Tammy A. Vincent was an American teenager who was murdered in September 1979. Her body was not identified until 2007, twenty-eight years after her murder. Despite the fact that her identity was discovered, the case remains unsolved, although a prime suspect has been selected. It was believed she may have been a victim of the notorious Green River killings, which have an approximate number of 49 victims while she remained a missing person. Gary Ridgway has since pleaded guilty to most of these killings, plus six additional murders. However, Vincent’s case has not been officially solved. NCIS cast member Pauley Perrette collaborated with the popular television show America’s Most Wanted in 2009 to work on solving the case. Tammy Vincent grew up on a farm. She was seventeen years old when she ran away from home and likely engaged in prostitution as a way to survive. She was native to Seattle, Washington.
Tammy Vincent reportedly contacted her sister in summer 1979, explaining her wish to return home. This was the last time she was heard from. The body was found on September 26, 1979 in Tiburon, California. Vincent was beaten, shot in the head, and stabbed 43 times; her remains were severely damaged after being set ablaze after acetone was poured on the body. Witnesses reported seeing a van speeding away from the scene. Upon the discovery of the remains on a beach, examiners could not identify the body. It is believed that she was murdered due to the fact that she was going to testify against an organized crime leader in court. The night prior to Vincent’s murder, a teen matching her description was seen accompanying a white man. The two were purchasing an ice pick as well as acetone, which were likely the same items used to murder her. After her body was found, examiners could only determine her eye color, height, weight, gender, and dental characteristics. At the time of death, she wore a black shirt, beige pants decorated with blue and red, and high heels.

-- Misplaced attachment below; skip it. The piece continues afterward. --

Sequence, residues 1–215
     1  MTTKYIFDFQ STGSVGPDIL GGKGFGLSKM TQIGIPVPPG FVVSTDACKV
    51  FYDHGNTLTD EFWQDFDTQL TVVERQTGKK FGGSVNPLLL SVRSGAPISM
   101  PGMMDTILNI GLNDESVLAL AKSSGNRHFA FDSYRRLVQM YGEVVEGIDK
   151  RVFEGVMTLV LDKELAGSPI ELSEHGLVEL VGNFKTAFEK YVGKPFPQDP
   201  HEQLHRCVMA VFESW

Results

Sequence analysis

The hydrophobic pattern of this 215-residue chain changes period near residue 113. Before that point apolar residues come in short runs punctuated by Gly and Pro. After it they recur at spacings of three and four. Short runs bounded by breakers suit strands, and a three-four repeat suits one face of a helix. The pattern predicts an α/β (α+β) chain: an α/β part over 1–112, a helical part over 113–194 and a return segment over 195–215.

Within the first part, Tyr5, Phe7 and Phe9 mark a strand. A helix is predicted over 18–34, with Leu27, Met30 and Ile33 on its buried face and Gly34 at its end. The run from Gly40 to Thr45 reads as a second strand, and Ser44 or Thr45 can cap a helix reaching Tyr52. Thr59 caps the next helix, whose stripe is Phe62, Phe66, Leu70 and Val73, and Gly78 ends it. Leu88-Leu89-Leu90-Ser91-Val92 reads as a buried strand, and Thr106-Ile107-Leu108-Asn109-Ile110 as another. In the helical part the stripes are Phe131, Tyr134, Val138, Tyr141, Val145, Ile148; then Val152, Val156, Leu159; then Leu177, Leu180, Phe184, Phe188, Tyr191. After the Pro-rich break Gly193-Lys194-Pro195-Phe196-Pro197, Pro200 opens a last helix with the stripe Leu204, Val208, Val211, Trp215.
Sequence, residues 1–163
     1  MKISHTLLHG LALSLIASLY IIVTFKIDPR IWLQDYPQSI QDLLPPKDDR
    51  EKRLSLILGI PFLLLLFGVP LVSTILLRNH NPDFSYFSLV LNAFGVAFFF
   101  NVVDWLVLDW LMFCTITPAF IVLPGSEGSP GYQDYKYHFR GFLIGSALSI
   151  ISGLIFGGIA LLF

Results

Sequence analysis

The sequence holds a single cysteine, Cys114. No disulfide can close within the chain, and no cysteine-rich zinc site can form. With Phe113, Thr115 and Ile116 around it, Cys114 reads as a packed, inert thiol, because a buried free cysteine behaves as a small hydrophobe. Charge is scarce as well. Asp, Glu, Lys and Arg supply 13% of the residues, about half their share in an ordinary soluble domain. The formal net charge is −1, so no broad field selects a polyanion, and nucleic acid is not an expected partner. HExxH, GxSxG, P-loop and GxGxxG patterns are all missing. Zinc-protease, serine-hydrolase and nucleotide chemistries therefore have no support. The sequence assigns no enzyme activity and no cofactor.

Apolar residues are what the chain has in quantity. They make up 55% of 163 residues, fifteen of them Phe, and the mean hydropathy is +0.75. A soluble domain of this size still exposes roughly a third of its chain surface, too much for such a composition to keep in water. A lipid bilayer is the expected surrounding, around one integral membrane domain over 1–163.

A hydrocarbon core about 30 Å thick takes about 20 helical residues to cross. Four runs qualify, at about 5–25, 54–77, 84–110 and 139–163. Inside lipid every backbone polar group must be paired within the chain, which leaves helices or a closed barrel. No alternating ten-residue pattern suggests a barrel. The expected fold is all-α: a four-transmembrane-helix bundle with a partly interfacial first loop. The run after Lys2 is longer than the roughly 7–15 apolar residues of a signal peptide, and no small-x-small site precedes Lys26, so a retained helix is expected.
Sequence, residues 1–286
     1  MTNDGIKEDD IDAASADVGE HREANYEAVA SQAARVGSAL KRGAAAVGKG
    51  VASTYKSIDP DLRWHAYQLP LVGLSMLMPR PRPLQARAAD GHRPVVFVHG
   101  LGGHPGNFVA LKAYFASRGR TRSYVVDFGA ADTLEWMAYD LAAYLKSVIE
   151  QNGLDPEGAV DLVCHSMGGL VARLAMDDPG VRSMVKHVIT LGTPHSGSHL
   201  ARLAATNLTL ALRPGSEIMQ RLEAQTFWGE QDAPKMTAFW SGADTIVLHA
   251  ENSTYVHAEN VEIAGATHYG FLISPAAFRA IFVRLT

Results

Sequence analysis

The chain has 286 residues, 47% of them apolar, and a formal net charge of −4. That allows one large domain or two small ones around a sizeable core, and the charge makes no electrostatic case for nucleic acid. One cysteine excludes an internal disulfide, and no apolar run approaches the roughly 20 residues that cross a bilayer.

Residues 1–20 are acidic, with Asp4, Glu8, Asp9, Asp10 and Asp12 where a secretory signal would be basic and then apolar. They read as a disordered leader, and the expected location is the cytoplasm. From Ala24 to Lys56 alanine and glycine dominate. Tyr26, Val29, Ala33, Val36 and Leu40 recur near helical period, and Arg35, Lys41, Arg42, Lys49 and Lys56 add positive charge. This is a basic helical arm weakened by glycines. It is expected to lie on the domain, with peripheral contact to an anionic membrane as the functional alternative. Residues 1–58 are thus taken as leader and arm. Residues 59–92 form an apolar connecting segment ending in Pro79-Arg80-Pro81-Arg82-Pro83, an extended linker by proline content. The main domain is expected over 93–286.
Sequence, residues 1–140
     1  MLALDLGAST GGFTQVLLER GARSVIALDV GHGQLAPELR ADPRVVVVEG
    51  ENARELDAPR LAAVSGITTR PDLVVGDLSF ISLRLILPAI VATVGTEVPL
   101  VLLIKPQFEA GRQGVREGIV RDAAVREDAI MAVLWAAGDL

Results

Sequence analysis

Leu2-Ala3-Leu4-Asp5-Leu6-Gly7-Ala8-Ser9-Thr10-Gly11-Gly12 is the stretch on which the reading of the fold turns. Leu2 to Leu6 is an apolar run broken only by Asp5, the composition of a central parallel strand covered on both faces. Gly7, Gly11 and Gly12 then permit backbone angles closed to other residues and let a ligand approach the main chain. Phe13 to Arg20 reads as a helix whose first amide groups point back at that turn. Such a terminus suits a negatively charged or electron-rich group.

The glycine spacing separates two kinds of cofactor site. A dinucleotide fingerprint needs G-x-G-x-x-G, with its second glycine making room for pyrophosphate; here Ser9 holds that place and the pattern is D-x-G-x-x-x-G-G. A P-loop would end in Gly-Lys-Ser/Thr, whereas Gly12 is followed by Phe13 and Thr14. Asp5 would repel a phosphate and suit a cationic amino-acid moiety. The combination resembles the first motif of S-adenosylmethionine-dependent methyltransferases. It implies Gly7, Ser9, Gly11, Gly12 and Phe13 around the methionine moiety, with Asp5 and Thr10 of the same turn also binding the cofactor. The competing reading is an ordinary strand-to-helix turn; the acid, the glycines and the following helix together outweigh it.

In efforts to identify Tammy Vincent, the body was exhumed in 2002 and was transported to Richmond, Virginia for further examination. The Center for Missing and Exploited Children created a composite image from her skull, which has been done on countless other unidentified decedents. Various other reconstructions have been created prior to the work done by the Center for Missing and Exploited Children. In 2007, DNA samples from Vincent’s mother and sister were matched to the DNA of the remains. Because Vincent’s head was severely burned, detectives were unable to collect hair samples; instead, hair from the pubic region was used to carry out the DNA test. She was cremated on August 7, 2007 and was laid to rest by her family later that month. Her ashes were flown from California to her family in Washington by detective Steve Nash, who had worked on the case since 1988.
- January, 01, 1962
- Seattle, Washington
- September, 01, 1979
- Tiburon, California
Cause of Death
- homicide by stabbing and firearm